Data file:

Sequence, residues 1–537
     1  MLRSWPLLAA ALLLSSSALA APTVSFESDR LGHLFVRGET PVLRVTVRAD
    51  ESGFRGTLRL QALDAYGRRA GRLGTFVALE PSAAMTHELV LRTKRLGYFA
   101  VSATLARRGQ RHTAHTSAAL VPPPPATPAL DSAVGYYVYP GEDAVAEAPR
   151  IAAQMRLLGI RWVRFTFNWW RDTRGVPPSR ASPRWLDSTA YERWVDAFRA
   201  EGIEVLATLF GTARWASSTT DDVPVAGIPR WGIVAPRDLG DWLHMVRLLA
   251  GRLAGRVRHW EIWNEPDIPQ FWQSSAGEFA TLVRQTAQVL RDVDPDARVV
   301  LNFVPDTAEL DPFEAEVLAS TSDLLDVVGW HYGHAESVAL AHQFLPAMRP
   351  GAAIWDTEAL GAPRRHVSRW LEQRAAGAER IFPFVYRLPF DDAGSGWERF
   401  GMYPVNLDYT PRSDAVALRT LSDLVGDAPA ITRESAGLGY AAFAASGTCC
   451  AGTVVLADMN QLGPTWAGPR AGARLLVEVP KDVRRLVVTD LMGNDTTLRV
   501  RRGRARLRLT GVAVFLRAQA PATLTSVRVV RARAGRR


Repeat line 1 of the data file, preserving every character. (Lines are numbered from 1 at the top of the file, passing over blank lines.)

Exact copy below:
Sequence, residues 1–537